Due to the lesser number of women prisoners, there are fewer facilities to hold women inmates. Till the end of 2018, there were just 24 prisons for women. Thus, a lot of women prisoners are held in locations that are far away from their hometowns and families. Close to 84 per cent women prisoners in India are hauled up in small enclosures in general prisons which naturally lack the infrastructure required to cater to the specific needs of women.

Women inmates in an Indian jail.Reuters

A study has found that more than a thousand women are jailed in spaces meant for only 150 people and are given just one bar of soap to bathe and wash their clothes and utensils for one whole month. Another report reveals that the majority of women inmates in Punjab are not even provided basic sleeping arrangements forcing them to sleep on the floor.

As women are the primary caregivers to children, often women inmates have to keep their children with them. More than 1,500 women prisoners in India live with their children inside the prisons. Despite this, the basic requirements for proper development and education of the child, or creche and other such facilities are often not available in Indian prisons.

There is a scarcity of female jail staff and supervisory officers in Indian prisons. As of 2015, women jail staff/officers constituted only 8.28 per cent of the total jail staff. Resultantly, male staff and officials often become responsible for the affairs of women prisoners which is undesirable and makes women more vulnerable to harassment and assault. Additionally, prison staff and officials are inadequately sensitized and trained to cater to the needs that are specific to women. Besides this, there is also a shortage of specific medical officers like psychologists and gynecologists in prisons.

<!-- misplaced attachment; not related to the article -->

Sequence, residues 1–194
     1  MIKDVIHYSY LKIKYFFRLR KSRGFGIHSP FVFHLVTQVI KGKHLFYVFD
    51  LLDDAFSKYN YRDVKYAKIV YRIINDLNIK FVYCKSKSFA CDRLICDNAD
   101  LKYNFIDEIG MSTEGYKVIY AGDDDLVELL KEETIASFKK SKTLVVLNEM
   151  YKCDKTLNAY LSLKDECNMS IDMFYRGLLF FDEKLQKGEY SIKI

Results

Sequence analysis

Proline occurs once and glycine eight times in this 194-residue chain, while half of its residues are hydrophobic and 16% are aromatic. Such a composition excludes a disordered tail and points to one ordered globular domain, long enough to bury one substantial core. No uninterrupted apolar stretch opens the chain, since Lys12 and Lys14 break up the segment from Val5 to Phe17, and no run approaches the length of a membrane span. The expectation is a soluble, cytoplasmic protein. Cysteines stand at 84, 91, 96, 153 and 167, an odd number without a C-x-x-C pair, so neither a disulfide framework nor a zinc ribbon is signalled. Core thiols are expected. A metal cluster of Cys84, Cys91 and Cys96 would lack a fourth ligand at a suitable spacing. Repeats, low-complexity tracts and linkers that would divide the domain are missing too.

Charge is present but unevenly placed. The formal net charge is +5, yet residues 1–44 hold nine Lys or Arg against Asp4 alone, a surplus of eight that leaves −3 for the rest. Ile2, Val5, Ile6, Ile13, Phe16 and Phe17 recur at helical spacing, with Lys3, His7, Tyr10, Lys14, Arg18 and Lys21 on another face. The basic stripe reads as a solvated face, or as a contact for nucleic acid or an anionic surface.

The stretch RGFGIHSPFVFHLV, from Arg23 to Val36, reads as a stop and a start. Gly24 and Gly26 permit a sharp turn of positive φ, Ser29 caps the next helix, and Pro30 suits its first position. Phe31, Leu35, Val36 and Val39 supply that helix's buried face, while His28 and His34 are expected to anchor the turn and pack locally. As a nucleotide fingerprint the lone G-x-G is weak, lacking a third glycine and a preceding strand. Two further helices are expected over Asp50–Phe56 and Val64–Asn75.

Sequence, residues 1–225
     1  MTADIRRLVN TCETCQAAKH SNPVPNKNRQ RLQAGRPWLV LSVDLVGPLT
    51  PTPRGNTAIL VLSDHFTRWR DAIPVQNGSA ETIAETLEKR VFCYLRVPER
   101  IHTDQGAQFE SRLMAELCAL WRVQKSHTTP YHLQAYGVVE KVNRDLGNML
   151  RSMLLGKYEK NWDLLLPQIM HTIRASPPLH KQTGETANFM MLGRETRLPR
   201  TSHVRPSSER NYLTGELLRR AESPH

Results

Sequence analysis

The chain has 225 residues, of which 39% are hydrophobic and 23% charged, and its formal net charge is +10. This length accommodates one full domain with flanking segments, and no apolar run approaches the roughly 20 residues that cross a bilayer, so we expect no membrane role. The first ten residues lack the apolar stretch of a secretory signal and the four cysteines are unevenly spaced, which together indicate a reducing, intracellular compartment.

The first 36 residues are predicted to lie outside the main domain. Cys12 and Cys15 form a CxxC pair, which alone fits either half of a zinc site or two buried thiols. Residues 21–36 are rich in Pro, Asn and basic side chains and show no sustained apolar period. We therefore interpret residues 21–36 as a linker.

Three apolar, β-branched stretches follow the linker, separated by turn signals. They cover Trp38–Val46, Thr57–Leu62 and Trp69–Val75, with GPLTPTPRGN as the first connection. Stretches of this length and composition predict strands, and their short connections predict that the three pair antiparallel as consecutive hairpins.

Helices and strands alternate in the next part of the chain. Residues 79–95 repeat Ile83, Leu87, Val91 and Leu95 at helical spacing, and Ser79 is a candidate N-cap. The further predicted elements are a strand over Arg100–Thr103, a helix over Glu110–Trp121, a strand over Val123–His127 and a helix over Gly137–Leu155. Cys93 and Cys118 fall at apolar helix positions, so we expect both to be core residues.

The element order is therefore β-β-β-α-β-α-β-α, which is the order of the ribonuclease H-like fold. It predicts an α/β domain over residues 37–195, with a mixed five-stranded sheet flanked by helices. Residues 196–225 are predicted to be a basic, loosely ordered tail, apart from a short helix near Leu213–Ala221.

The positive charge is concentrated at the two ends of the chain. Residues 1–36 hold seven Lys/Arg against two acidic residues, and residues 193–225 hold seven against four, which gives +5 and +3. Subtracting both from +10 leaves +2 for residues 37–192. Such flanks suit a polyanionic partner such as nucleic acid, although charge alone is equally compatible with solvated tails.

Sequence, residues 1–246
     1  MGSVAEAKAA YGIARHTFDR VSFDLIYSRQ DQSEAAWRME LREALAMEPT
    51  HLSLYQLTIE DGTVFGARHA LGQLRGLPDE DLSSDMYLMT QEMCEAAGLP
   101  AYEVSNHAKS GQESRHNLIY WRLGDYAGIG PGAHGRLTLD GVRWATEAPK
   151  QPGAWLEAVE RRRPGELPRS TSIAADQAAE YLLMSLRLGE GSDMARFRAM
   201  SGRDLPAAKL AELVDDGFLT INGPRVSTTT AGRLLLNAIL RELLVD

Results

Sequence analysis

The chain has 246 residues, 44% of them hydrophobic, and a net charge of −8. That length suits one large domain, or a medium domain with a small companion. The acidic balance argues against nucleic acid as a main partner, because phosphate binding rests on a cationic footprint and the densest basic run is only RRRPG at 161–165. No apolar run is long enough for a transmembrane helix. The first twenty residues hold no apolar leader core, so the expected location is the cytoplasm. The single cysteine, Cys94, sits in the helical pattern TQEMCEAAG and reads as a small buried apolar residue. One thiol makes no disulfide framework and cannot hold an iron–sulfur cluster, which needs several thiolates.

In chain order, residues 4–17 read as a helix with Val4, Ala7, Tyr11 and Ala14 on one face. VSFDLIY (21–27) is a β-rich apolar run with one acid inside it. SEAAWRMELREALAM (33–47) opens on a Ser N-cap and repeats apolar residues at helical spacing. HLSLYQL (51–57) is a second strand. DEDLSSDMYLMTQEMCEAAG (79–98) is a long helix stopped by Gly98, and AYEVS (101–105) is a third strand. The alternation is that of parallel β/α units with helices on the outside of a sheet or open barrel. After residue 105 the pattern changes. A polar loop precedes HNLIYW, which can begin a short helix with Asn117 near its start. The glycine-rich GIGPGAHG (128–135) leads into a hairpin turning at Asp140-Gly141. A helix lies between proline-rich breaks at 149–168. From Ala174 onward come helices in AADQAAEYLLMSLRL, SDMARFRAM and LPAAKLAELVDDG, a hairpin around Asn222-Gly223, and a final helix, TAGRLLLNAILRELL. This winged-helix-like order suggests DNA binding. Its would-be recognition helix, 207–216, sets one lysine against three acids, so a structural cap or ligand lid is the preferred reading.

Women inmates are humiliated and violated during body search and screening at the time of admission. They are treated as degenerates and their comfort and privacy is disregarded. They are often subjected to sexual violence by fellow inmates as well as authorities. Cases related to recording women prisoners without their consent have also been reported. The National Human Rights Commission of India recorded 39 rape cases in judicial and police custody in just five years from 2006 to 2010.

All this shows that female criminality is viewed differently from male criminality and the latter is considered more deplorable. Whilst, the treatment of women inside prisons is just the same as men and it fails to address the special systemic challenges faced by women.

Thus, while courts tread upon the road to reforming Indian prisons, they ought to acknowledge that these roads are different for male and female inmates.

Towards this end, alternatives to imprisonment which include community service, shelter housing, rehabilitation facilities and other non-custodial schemes should be prioritised while sentencing women offenders. The stigma around female offending and incarceration which forecloses the option of rehabilitation and reintegration for them, also calls for a differential sentencing for women.

Even inside the prisons, women should be able to enjoy certain differential facilities. Lactating and pregnant women should be provided a special diet. Mothers living with children inside the prisons should be given a separate food allowance for the children instead of being forced to share her food with the child. Lastly, since a lot of women prisoners are left in the lurch upon release, special support programmes should be established to look after their financial and residential needs.

It is only when we acknowledge this double marginalisation of women and address it differentially, that we will be able to bring a gender-sensitive prison reform. Such a prison reform is imperative because it is human to sin for women as it is for men and they do not deserve a harsher punishment for being women.

The author is V Year, BA., LLB. (Hons.), NLSIU, Bangalore. Views expressed are personal